Stem cell breakthrough could lead to new bone repair therapies on nanoscale surfaces

February 11, 2013

Scientists at the University of Southampton have created a new method to generate bone cells which could lead to revolutionary bone repair therapies for people with bone fractures or those who need hip replacement surgery due to osteoporosis and osteoarthritis.

The research, carried out by Dr Emmajayne Kingham at the University of Southampton in collaboration with the University of Glasgow and published in the journal Small, cultured human on to the surface of plastic materials and assessed their ability to change.

Scientists were able to use the nanotopographical patterns on the biomedical plastic to manipulate towards bone cells. This was done without any chemical enhancement.

The materials, including the biomedical implantable material polycarbonate plastic, which is a versatile plastic used in things from bullet proof windows to CDs, offer an accessible and cheaper way of culturing human embryonic stem cells and presents new opportunities for future medical research in this area.

Professor Richard Oreffo, who led the University of Southampton team, explains: "To generate for regenerative medicine and further medical research remains a significant challenge. However we have found that by harnessing surface technologies that allow the generation and ultimately scale up of human embryonic stem cells to skeletal cells, we can aid the tissue engineering process. This is very exciting.

"Our research may offer a whole new approach to skeletal regenerative medicine. The use of nanotopographical patterns could enable new cell culture designs, new device designs, and could herald the development of new therapies as well as further human ," Professor Oreffo adds.

The study was funded by the Biotechnology and Biological Sciences Research Council (BBSRC).

This latest discovery expands on the close collaborative work previously undertaken by the University of Southampton and the University of Glasgow. In 2011 the team successfully used plastic with embossed nanopatterns to grow and spread adult stem cells while keeping their stem cell characteristics; a process which is cheaper and easier to manufacture than previous ways of working.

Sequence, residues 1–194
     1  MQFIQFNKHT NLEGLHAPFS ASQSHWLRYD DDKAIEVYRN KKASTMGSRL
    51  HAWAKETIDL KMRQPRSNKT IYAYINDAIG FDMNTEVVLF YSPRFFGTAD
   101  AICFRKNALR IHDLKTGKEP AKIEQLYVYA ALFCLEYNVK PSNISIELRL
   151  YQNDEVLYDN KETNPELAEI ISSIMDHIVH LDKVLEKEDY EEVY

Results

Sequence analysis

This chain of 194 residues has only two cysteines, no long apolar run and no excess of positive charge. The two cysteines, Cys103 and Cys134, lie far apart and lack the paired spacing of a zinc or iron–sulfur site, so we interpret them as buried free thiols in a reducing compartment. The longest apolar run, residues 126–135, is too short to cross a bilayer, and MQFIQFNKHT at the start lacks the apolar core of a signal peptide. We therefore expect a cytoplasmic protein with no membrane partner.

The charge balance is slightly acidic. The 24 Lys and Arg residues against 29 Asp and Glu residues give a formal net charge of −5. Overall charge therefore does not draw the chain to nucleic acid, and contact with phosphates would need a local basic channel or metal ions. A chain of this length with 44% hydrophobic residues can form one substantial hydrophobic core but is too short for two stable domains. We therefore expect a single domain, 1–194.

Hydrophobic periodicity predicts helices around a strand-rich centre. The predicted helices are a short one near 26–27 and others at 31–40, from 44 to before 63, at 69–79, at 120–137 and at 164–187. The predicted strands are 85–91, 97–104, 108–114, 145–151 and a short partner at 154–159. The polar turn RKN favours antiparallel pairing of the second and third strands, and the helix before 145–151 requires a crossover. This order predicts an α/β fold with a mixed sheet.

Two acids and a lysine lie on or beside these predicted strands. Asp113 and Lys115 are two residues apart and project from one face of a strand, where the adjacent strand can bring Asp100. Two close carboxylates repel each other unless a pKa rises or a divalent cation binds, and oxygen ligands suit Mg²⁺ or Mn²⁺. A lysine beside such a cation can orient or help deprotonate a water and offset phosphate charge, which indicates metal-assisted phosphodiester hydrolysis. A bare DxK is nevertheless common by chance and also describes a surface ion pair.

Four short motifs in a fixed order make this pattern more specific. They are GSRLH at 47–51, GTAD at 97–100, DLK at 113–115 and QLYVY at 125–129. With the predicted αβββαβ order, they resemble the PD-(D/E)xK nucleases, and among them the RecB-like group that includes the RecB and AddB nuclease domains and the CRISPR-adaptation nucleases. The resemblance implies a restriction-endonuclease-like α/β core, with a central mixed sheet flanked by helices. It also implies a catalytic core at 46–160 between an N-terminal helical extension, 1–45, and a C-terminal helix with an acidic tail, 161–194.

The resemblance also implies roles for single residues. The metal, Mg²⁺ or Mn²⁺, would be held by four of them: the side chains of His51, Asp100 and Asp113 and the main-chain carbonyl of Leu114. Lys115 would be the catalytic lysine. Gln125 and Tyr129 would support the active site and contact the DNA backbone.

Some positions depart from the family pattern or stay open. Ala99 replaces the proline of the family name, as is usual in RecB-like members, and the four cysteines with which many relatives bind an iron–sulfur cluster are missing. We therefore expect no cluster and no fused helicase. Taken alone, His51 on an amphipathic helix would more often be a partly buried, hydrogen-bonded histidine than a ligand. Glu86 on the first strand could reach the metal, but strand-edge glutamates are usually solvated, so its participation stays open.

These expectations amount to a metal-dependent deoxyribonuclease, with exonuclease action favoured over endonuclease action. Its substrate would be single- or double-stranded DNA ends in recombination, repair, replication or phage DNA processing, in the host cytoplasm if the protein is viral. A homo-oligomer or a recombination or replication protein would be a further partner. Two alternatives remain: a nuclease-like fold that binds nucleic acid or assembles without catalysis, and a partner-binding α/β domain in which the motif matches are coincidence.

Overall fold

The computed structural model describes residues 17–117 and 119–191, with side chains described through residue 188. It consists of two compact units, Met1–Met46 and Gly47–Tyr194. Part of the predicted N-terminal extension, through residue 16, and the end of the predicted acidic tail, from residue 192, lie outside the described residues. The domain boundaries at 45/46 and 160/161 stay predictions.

Dr Nikolaj Gadegaard, Institute of Molecular, Cell and Systems Biology at the University of Glasgow, says: "Our previous collaborative research showed exciting new ways to control mesenchymal stem cell – from the bone marrow of adults – growth and differentiation on nanoscale patterns.

"This new Southampton-led discovery shows a totally different stem cell source, embryonic, also respond in a similar manner and this really starts to open this new field of discovery up. With more research impetus, it gives us the hope that we can go on to target a wider variety of degenerative conditions than we originally aspired to. This result is of fundamental significance."

Explore further: Scientist discovers stem cell 'partnership' that could advance regenerative medicine

More information: onlinelibrary.wiley.com/doi/10.1002/smll.201202340/abstract

Related Stories

Recommended for you

Electrical circuit made of gel can repair itself

August 25, 2015

(Phys.org)—Scientists have fabricated a flexible electrical circuit that, when cut into two pieces, can repair itself and fully restore its original conductivity. The circuit is made of a new gel that possesses a combination ...

Scientists grow high-quality graphene from tea tree extract

August 21, 2015

(Phys.org)—Graphene has been grown from materials as diverse as plastic, cockroaches, Girl Scout cookies, and dog feces, and can theoretically be grown from any carbon source. However, scientists are still looking for a ...

1 comment

Adjust slider to filter visible comments by rank

Display comments: newest first

SoylentGrin
not rated yet Feb 12, 2013
Polycarbonate skeletons that function like natural bones? When can we start upgrading?

Please sign in to add a comment. Registration is free, and takes less than a minute. Read more

Click here to reset your password.
Sign in to get notified via email when new comments are made.